Shadow government (conspiracy)

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The shadow government (cryptocracy, secret government, or invisible government) is a family of conspiracy theories based on the notion that real and actual political power resides not with publicly elected representatives but with private individuals who are exercising power behind the scenes, beyond the scrutiny of democratic institutions. According to this belief, the official elected government is subservient to the shadow government, which is the true executive power.

Some of the groups proposed by these theories as constituting the shadow government include central banks, Freemasons, intelligence agencies, think tanks, organized Jewry, the Vatican, secret societies, Jesuits, moneyed interests, globalist elites, and supranational organizations who seek to manipulate policy in their own interest or in order to serve a larger agenda that is hidden from the general public.


Literature on the subject postulates the existence of a secret government which is the true power behind the apparent government. Examples of such literature include works by Dan Smoot, William Guy Carr, Jim Marrs, Carroll Quigley, Gary Allen, Alex Jones, Des Griffin, G. Edward Griffin, David Icke, and Michael A. Hoffman II. Some of these authors believe members of the secret government may represent or be agents for groups such as the Council on Foreign Relations, the Royal Institute for International Affairs, the Trilateral Commission, the Bilderberg Group, CIA and MI6 in co-operation with international banks and financial institutions such as the World Bank and the Bank for International Settlements.[1][2][3] Also popularizing the idea was the hit US television show, The X-Files.

Milton William Cooper claimed that the shadow government was in cooperation with extraterrestrial aliens. His 1991 book Behold A Pale Horse,[4][5] influential among "UFO and militia circles",[6] describes "the doings of the secret world government" and "a variety of other covert activities associated with the Illuminati's declaration of war upon the people of America".[7] Cooper claimed to have seen secret documents while in the Navy describing governmental dealings with aliens. Cooper linked the Illuminati with his beliefs that extraterrestrials were secretly involved with the US government, but later retracted these claims. He accused Dwight D. Eisenhower of negotiating a treaty with extraterrestrials in 1954, then establishing an inner circle of Illuminati to manage relations with them and keep their presence a secret from the general public. Cooper believed that aliens "manipulated and/or ruled the human race through various secret societies, religions, magic, witchcraft, and the occult", and that even the Illuminati were unknowingly being manipulated by them.[4]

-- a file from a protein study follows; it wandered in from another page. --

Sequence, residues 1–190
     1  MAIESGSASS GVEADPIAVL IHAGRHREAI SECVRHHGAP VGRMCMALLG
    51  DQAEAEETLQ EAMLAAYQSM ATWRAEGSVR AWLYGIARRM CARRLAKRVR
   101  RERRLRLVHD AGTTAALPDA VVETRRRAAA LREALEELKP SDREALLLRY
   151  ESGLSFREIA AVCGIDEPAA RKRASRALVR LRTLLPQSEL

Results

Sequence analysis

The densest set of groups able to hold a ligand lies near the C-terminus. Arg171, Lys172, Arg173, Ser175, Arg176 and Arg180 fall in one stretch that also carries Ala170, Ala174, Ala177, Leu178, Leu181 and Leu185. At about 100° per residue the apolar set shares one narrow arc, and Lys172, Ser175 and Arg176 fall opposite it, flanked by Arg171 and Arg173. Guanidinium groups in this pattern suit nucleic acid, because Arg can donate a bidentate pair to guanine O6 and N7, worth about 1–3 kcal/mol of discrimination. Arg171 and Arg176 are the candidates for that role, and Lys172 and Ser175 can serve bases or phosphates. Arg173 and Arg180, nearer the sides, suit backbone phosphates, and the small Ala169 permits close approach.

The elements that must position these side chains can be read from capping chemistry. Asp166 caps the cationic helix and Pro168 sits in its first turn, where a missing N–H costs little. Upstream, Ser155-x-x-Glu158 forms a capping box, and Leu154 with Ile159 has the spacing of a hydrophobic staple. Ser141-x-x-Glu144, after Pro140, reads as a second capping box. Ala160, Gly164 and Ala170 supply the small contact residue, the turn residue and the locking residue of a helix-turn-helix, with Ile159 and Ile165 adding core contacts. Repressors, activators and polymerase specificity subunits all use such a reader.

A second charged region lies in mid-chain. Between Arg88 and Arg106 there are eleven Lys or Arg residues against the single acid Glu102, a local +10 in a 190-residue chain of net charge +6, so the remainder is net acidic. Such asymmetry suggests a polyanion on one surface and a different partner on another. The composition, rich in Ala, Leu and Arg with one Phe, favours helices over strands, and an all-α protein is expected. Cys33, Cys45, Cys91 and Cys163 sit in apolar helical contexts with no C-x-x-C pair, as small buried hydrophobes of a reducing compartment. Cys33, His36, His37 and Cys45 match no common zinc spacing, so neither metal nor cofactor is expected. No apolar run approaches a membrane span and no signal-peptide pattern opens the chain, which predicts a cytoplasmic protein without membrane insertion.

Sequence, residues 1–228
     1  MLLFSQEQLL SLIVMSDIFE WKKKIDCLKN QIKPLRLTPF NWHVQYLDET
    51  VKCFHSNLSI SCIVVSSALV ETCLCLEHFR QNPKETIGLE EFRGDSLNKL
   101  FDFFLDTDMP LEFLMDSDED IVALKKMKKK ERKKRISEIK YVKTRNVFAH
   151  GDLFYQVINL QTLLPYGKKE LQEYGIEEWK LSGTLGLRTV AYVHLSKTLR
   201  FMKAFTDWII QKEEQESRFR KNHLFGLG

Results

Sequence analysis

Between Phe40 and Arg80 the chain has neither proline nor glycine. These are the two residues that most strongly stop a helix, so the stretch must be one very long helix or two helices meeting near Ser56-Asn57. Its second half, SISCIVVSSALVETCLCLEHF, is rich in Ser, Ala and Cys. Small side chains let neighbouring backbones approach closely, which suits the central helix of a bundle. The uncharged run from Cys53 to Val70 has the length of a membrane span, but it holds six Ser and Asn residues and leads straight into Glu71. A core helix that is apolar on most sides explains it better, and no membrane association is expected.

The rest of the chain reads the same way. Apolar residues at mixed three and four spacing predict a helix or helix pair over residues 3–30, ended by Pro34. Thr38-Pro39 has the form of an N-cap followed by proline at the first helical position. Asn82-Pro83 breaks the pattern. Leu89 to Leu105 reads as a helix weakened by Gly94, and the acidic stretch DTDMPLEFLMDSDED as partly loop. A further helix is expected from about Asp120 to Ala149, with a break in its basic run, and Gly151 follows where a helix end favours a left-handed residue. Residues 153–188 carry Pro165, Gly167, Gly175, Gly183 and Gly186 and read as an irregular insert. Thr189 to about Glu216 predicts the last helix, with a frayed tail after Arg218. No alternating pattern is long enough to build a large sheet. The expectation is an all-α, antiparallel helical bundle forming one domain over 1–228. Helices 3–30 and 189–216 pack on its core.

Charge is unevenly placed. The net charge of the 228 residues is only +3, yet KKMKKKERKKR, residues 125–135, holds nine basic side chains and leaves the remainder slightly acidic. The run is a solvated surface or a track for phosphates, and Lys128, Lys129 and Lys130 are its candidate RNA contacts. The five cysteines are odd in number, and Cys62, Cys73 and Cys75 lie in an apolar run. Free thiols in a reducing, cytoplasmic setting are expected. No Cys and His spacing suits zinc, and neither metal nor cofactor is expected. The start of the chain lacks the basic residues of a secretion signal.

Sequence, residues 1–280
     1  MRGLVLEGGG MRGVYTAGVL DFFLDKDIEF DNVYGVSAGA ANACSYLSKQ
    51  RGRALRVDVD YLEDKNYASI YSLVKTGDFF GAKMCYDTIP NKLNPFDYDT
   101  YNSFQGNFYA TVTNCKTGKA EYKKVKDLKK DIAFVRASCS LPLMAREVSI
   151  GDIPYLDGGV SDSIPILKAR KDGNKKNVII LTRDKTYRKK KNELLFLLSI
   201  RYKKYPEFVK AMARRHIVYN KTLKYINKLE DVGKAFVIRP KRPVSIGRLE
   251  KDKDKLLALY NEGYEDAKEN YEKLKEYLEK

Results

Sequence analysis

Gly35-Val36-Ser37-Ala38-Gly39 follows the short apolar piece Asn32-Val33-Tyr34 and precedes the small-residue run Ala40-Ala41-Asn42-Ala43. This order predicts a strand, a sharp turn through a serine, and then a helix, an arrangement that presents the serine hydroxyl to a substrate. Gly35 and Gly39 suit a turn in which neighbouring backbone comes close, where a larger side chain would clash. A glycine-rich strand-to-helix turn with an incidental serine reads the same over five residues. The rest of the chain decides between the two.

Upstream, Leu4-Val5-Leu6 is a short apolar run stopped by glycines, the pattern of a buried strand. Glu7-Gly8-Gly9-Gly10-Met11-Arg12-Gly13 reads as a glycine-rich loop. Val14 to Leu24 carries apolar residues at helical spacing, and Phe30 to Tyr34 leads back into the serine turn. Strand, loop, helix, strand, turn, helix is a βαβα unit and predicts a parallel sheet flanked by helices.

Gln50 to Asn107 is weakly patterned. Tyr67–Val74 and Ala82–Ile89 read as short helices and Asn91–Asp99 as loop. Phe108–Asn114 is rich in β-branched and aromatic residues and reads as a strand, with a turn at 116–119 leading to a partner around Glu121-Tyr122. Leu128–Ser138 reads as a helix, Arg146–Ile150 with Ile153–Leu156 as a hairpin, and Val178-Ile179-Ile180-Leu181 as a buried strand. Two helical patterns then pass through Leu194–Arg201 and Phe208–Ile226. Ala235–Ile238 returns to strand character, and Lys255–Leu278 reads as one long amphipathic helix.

Cooper described the Illuminati as a secret international organization, controlled by the Bilderberg Group, that conspired with the Knights of Columbus, Masons, Skull and Bones, and other organizations. Its ultimate goal, he said, was the establishment of a New World Order. According to Cooper the Illuminati conspirators not only invented alien threats for their own gain, but actively conspired with extraterrestrials to take over the world.[4] Cooper believed that James Forrestal's fatal fall from a window on the sixteenth floor of Bethesda Hospital was connected to the alleged secret committee Majestic-12, and that JASON advisory group scientists reported to an elite group of Trilateral Commission and Council on Foreign Relations executive committee members who were high-ranking members of the Illuminati.[8][9]

See also[edit]


  1. ^ Chatham House (RIIA) and the CFR, its US sister organization, are the focus of Quigley's The Anglo-American Establishment.
  2. ^ The CFR as a central institution of the secret government of the United States is the focus of James Perloff's book The Shadows of Power
  3. ^ Jim Marrs cites all the institutions listed in this paragraph in his study Rule By Secrecy, published by Harper Collins.
  4. ^ a b c Michael Barkun (4 May 2006). A Culture of Conspiracy: Apocalyptic Visions in Contemporary America. University of California Press. pp. 60–. ISBN 978-0-520-24812-0. Retrieved 5 January 2012.
  5. ^ Carroll, Robert Todd (2003). "Illuminati". The Skeptic's Dictionary: A Collection of Strange Beliefs, Amusing Deceptions, and Dangerous Delusions. Hoboken, New Jersey: John Wiley & Sons, Inc. p. 175. ISBN 9781118045633. Retrieved January 17, 2013.
  6. ^ Nattrass, Nicoli (2012). The AIDS Conspiracy: Science Fights Back. New York: Columbia University Press. pp. 4, 23–27. ISBN 9780231149129. Retrieved January 17, 2013.
  7. ^ Gilroy, Paul (2000). "Planetary Humanism". Against Race: Imagining Political Culture Beyond the Color Line. Cambridge, Massachusetts: Harvard University Press. pp. 352–353. ISBN 9780674000964. Retrieved January 17, 2013.
  8. ^ Richard Allen Landes (4 August 2011). Heaven on Earth: The Varieties of the Millennial Experience. Oxford University Press. pp. 418–. ISBN 978-0-19-975359-8. Retrieved 4 January 2012.
  9. ^ Arthur Goldwag (11 August 2009). Cults, Conspiracies, and Secret Societies: The Straight Scoop on Freemasons, the Illuminati, Skull and Bones, Black Helicopters, the New World Order, and Many, Many More. Random House Digital, Inc. ISBN 978-0-307-39067-7. Retrieved 4 January 2012.